There has been much interest in the possible roles of MCs in tumor biology, e.g. the studies performed by Jaafari-Ashkavandi et al. and Dyduch et al. [6, 7]. In vitro studies have shown that these cells influence many aspects of tumor biology, e.g. tumor growth, tumor-induced angiogenesis, and tissue remodeling. However, the definitive in vivo contribution of MCs to tumor biology remains controversial [5, 8, 9]. It is yet not clear whether MCs are for or against tumor growth [10]. Mast cells have been shown to play an important role in angiogenesis by producing several factors, e.g. tryptase, vascular endothelial growth factor (VEGF), fibroblast growth factor (FGF), tumor necrosis factor (TNF), interleukin 8 (IL-8), histamine and heparin [5, 11, 12]. Angiogenesis, based on endothelial cell proliferation and migration, has a critical role in many pathologic conditions such as tumor development and metastasis [13]. On the other hand, MCs may restrict the growth of the lesions by producing several factors including IL-1, IL-4, IL-6 and TNF [11, 14].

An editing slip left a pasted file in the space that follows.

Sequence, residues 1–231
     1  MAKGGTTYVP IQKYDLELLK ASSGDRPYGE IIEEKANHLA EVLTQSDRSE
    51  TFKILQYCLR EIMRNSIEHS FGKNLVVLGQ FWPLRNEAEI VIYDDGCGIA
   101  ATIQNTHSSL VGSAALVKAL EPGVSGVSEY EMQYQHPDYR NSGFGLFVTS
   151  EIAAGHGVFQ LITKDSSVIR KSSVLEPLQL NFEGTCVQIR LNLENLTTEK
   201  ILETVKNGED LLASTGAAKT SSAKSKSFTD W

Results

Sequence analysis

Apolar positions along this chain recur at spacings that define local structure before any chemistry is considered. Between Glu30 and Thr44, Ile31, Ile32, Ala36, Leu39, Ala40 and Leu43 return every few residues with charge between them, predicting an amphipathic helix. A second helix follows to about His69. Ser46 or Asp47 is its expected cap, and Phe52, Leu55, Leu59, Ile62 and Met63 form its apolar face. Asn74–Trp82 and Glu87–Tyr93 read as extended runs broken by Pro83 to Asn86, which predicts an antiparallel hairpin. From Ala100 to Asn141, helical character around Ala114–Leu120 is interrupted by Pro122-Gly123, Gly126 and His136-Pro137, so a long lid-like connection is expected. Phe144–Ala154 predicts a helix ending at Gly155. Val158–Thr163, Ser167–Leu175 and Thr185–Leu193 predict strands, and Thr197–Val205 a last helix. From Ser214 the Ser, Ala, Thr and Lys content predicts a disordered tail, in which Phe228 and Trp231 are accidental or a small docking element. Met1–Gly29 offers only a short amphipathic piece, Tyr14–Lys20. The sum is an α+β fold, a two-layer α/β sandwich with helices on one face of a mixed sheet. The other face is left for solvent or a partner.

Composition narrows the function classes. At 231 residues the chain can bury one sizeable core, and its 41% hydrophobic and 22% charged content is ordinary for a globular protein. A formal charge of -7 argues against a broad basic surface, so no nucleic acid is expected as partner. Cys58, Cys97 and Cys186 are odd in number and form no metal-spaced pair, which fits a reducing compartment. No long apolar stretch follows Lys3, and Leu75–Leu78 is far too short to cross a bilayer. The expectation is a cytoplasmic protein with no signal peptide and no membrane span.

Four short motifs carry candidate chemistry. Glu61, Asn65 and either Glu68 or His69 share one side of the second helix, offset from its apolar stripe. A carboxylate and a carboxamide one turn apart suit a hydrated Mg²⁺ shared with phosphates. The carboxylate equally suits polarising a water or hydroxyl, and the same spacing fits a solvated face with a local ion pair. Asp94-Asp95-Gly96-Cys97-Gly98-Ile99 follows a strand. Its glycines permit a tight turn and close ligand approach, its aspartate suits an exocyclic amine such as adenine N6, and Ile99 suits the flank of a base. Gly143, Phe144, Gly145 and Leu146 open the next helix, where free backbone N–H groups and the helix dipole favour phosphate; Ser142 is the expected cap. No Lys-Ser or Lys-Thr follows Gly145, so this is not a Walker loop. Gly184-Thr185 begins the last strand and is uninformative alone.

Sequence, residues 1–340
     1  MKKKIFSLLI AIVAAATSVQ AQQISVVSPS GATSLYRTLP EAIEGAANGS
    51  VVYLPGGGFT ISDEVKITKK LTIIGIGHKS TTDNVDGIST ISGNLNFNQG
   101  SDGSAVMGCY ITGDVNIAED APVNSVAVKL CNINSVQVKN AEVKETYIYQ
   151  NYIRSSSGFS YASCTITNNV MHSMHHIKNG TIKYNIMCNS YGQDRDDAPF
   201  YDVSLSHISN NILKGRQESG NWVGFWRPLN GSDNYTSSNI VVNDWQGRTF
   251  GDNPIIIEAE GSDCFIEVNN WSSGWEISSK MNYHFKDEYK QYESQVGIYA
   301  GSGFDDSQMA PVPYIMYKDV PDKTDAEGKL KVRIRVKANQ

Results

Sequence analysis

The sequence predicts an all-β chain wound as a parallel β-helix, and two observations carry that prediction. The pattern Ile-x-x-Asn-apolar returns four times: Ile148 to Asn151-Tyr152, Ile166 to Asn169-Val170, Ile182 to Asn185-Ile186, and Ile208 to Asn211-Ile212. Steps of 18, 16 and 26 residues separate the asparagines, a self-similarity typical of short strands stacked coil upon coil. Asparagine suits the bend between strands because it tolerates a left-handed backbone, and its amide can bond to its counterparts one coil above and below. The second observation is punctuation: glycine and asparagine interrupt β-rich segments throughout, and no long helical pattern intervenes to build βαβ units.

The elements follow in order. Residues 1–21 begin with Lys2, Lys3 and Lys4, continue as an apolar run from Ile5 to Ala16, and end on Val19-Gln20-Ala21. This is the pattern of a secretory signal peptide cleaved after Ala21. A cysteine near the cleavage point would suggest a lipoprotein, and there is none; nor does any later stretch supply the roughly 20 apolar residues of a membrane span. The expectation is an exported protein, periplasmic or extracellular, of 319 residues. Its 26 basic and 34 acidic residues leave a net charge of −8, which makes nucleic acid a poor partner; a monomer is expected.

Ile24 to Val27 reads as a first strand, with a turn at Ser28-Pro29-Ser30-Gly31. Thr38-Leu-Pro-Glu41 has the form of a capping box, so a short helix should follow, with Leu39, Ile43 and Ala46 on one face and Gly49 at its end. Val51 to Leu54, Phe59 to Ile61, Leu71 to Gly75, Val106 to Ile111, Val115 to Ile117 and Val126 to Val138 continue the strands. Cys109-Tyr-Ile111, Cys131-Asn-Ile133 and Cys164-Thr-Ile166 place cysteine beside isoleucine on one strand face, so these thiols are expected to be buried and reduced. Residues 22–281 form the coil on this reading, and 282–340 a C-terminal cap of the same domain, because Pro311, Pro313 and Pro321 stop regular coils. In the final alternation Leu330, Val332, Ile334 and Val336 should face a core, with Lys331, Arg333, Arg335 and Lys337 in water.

In the present study, we compared MC tryptase and CD31 expression by immunohistochemistry between various odontogenic tumors to clarify the role of MCs and angiogenesis in the growth and development of odontogenic tumors. In the case of involvement of MCs in angiogenesis and tumor development, treatment strategies including pharmacologic agents can be used to inhibit MC activity via angiogenic pathways as an aid to reduce mutilating surgery regarding odontogenic tumors. To our knowledge, a study evaluating the relation between MCs and angiogenesis and their roles in the development of odontogenic tumors is not available.

Material and methods